The number of people with COVID-19 being treated in intensive care units has increased in NSW, Queensland, Victoria, South Australia and the Northern Territory.
In NSW, where 29 deaths and 17,136 new COVID-19 cases were recorded on Thursday, there are 2,722 patients in hospital and 181 in ICU.
That's a drop from the 2,794 hospitalisations reported on Wednesday, but the number of patients in ICU increased by six.
Authorities have reiterated the benefits of vaccination rates, with one in two children aged five to 15 years unvaccinated.
The uptake of third doses among adults is moving slowly - from 29 per cent to 36 per cent in the past week.
NSW Health Deputy Secretary Susan Pearce said about 100,000 vaccination bookings went begging at state-run clinics last week, suggesting "a perception in the community that Omicron is milder" was to blame.
"What we know is that to prevent severe disease associated with COVID, that booster is absolutely critical," she said.
About seven per cent of NSW adults are either unvaccinated or have had just a single dose. They made up 31 per cent of the deaths reported on Thursday.
Victoria recorded 13,755 new COVID-19 cases and 15 deaths on Thursday.
The state reported 1,057 hospitalisations and 117 patients in ICU, down on 1,089 hospitalisations on Wednesday but up from 113 in ICU.
Premier Daniel Andrews said case numbers and hospitalisations were trending down and the state's chief health officer had flagged the Omicron outbreak may have peaked.
"If we see these numbers continue, we continue to see hospitalisations falling, there's certainly stability there," he told reporters.
Mr Andrews also announced that from this weekend, five- to 11-year-olds can walk up to receive a vaccine from some state-run hubs, in a bid to increase uptake before school's return on Monday.
The hubs include Sandown Racecourse, Dandenong Plaza, Caroline Springs Leisure Centre, Sunshine Hospital, Melton Vaccination Hub and Campbellfield Ford Complex.
Additionally, 15 primary schools will provide pop-up vaccination clinics this weekend, including in South Melbourne, Wyndham Vale, Lilydale and Fountain Gate.
Queensland recorded 15 deaths and 11,600 new COVID-19 cases, with hospital numbers falling by 60 to 829, but ICU admissions up by one to 48.
Responding to the fall in hospital admissions, chief health officer John Gerrard said: "Most of that fall has been on the Gold Coast ... so the Gold Coast has very clearly peaked and is on its way down.
"We believe that the greater Brisbane area, the rest of southeast Queensland, is approaching its peak right now."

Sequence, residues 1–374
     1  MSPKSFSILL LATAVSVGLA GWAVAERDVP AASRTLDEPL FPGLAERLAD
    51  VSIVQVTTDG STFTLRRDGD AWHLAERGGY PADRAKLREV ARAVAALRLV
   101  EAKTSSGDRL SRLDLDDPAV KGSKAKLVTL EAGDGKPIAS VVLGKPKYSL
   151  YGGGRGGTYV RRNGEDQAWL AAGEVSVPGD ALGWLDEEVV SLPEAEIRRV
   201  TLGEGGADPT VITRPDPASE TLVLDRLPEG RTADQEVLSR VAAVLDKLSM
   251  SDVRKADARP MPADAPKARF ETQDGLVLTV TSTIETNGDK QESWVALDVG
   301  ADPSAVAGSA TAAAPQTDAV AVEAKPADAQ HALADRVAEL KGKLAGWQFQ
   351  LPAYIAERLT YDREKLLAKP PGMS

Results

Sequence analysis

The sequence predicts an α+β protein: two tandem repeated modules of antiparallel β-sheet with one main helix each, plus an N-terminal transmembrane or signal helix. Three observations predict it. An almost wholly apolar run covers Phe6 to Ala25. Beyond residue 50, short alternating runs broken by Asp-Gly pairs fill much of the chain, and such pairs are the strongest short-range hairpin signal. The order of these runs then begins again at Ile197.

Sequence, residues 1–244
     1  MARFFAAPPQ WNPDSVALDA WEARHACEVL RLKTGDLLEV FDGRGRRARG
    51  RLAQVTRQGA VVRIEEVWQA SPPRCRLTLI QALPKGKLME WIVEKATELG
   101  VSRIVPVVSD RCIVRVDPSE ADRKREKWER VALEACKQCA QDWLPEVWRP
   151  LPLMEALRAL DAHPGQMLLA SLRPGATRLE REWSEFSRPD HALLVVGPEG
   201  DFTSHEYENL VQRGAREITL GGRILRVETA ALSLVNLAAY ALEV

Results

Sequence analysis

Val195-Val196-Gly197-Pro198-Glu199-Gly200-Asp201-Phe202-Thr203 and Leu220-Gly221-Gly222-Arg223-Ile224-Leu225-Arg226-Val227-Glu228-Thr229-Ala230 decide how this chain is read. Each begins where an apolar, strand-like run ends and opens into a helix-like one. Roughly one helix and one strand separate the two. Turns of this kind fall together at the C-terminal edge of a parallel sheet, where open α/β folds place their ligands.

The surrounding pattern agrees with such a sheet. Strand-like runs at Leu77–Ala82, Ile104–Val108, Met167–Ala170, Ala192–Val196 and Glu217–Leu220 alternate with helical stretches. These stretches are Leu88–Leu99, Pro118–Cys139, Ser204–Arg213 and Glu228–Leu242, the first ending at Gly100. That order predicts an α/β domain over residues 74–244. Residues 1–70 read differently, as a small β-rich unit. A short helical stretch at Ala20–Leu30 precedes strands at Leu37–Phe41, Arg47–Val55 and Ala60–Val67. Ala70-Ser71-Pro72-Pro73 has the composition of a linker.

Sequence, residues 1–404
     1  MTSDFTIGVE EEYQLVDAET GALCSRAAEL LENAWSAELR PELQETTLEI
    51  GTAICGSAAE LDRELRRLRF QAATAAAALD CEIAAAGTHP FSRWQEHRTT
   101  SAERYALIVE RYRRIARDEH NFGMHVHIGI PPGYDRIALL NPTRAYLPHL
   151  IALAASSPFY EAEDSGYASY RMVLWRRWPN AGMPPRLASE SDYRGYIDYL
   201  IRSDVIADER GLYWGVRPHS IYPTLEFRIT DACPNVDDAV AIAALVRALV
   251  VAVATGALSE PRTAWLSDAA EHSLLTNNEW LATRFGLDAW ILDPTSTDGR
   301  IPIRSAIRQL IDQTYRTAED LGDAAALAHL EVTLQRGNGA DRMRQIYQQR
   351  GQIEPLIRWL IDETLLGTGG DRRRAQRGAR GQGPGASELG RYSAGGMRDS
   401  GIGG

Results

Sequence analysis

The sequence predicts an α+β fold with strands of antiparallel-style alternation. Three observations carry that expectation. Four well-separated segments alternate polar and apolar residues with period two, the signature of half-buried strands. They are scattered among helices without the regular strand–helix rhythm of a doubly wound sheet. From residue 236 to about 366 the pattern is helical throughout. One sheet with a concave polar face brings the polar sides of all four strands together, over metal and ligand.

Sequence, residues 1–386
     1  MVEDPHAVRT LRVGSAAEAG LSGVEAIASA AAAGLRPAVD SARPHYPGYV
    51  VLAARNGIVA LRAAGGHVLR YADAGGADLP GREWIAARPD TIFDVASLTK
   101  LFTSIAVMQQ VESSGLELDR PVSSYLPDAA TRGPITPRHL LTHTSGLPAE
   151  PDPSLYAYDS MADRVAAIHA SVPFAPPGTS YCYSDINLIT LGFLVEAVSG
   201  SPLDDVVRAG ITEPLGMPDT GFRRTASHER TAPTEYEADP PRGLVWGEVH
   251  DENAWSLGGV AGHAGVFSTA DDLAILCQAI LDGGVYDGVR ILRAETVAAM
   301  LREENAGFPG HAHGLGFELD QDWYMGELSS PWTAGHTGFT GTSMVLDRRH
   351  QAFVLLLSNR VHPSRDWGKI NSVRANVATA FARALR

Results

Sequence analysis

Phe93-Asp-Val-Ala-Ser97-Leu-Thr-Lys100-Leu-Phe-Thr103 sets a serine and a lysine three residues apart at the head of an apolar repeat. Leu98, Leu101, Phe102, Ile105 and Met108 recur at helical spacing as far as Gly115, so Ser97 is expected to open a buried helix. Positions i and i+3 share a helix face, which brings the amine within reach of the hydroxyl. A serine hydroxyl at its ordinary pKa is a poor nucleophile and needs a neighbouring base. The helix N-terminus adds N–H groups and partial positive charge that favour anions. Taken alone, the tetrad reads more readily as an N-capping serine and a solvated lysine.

Health Minister Yvette D'Ath said the latest hospital figures had her feeling optimistic.
"I haven't felt that way for a few weeks now, but looking at the numbers over the last 48 hours, seeing the drop in patient numbers, even our furloughed staff, we're just seeing a bit of a trend," she said.
Modelling had projected hospital admissions in the "multiples of thousands" at the peak of the wave, Dr Gerrard said.
"The reason why we are doing so well is because so many of the Queensland population were vaccinated before the virus was introduced," he said.
What's happening elsewhere?
Tasmania now has no one in ICU, a fall from two people yesterday, and the state has 5,026 active cases, continuing a downward trend from 19 January.
South Australia reported 13 deaths and another 1,953 COVID-19 infections, below the state's seven-day average for new cases.
Hospitalisations remained stable at 288 and the ICU number increased by one to 27.
The ACT has hit a record-level of hospitalisations with 73, but ICU admissions fell from five to four.
There were 626 new COVID-19 infections in the Northern Territory.
The number of patients in hospital with COVID-19 was 95, up from 84 on Wednesday, while ICU admissions increased from three to four.
The NT government also revised up Wednesday's case numbers after including more rapid antigen test results.
Health Minister Natasha Fyles says Wednesday's tally now stands at 778 and not the 492 originally recorded.
Ms Fyles said the government was comfortable with the level of hospitalisations, but remained concerned at low regional testing rates.
"We've stabilised those case numbers over the past couple of weeks, and that's really important in flattening that curve," the minister said.
"But overall, our testing rates in central Australia are pretty low. They were low yesterday.
"So while we're reporting just a handful of cases in communities, we really need people to come forward to be tested to remain confident that we are on top of things."
With additional reporting by SBS News.